By Tyler Micik
Although this week was a fairly quiet week in Dover, the State Chamber hosted our annual Spring Manufacturing and Policy Conference on Wednesday, March 16th. The half-day, virtual conference featured keynote remarks from Governor John Carney and NIIMBL's Director Kelvin Lee, two panel discussions, and the chance to network.
The first panel, Where Did All the Workers Go?, addressed the labor shortage here in Delaware and across the country. Scott Malfitano, chair of the Delaware Workforce Development Board moderated a conversation with Nakishia Bailey of Dot Foods; Taryn Dalmasso from Edgewell Personal Care; Dale Cook of Mountaire Farms; and the National Association of Workforce Board's (NAWB) Ron Painter. The discussion highlighted several factors that are impacting the labor market: aging population, automation, adult learning, and the need for funding.
By 2030, all baby boomers will be 65 or older. With low birth rates and immigration, the exchange rate of people entering the workforce is not keeping up with the exit. In addition to the knowledge and skill gaps that manufacturers are experiencing, it is becoming increasingly more difficult for nighttime/weekend shifts to be filled with workers due to the fact that child care isn't offered during those hours. Lacking the skills and experience to have the leverage to choose their hours over more senior employees, low-skill and entry-level workers are often forced to stay home and care for their children instead of working.
Automation was also discussed. Ron Painter referenced a study out of Canada which found that low-skill and high-end positions increased due to automation while middle skill roles and management decreased. He stressed that with this sort of knowledge, manufacturers need to rethink how they onboard and upskill their workforce when the traditional method of “moving up the ranks” is no longer an option with technology replacing those middle level roles. NAWB estimates that estimates it will cost $80 billion to upskill the American workforce to meet global needs and standards.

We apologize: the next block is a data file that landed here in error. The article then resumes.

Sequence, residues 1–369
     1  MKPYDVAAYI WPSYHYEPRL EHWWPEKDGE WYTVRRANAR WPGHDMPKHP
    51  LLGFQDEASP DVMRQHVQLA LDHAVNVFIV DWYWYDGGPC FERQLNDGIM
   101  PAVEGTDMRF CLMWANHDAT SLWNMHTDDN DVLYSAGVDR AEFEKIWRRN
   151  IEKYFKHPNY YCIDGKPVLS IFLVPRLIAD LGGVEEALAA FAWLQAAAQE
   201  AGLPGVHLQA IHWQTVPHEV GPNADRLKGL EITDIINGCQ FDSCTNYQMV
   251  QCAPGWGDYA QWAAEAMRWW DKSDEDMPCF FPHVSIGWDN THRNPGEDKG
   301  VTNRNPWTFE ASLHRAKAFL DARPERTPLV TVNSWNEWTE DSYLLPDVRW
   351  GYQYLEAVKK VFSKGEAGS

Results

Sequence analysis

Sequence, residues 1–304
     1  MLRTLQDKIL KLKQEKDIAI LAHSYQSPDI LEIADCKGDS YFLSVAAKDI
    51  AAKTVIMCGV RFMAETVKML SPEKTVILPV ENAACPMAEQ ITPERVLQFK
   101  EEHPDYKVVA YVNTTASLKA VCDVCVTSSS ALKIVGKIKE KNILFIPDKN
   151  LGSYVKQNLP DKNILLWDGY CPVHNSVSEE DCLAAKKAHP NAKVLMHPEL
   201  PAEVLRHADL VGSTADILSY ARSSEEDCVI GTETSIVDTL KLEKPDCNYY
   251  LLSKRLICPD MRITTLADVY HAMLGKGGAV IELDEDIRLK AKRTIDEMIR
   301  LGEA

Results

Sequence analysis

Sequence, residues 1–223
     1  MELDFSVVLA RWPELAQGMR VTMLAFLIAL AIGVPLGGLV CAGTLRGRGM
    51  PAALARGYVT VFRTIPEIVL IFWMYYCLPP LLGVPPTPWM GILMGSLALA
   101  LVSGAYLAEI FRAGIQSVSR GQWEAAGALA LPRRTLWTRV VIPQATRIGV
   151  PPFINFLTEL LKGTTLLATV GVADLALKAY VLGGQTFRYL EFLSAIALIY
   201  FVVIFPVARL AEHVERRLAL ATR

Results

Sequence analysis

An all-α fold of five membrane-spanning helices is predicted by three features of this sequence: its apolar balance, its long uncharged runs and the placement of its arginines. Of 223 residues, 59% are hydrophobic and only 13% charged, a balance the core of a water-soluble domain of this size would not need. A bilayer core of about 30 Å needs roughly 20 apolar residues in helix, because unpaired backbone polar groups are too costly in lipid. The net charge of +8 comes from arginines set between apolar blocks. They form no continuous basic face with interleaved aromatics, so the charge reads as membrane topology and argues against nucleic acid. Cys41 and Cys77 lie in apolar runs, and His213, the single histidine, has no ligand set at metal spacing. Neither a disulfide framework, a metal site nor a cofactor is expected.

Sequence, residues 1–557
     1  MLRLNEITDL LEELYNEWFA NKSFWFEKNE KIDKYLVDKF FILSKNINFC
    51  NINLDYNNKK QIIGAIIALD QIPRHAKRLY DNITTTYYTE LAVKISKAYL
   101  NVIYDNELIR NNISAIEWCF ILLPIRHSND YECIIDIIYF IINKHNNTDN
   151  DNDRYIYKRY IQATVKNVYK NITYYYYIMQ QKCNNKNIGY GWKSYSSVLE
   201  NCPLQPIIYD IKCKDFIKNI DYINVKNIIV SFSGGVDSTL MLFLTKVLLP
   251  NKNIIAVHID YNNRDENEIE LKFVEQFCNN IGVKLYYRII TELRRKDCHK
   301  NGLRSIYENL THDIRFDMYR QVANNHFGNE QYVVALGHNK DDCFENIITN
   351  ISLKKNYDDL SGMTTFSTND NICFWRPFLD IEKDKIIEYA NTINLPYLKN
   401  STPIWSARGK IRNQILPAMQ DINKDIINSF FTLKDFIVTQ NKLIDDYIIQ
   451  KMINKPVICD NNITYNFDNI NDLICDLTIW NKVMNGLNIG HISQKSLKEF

So, what’s the solution? The panelists stressed that businesses need to lead on identifying alternative funding and training solutions that work for their people. Investing in your own talent is a sure way to grow your workforce.
The second panel, Playbooks for the Future, turned toward “what’s working” and how we can build upon successful workforce programs like Zip Code Wilmington, Delaware Pathways, Intern Delaware, and Elevate Delaware. Michael Fleming, president of the Delaware BioScience Association moderated a conversation with Desa Burton of Zip Code Wilmington; Kelly DeCurtis of Delmarva Power; M. Davis & Son's John Gooden; and Steve Jackson from Aviation High School in New York City.
How can Delawareans build upon successes like these and replicate models that work to address the needs in manufacturing and other industries important to the state? This is a conversation the State Chamber will continue to explore.
The Delaware Manufacturing Association held their quarterly board meeting after the event to talk about the conference, discuss issues manufacturers are facing, and talk about possible solutions.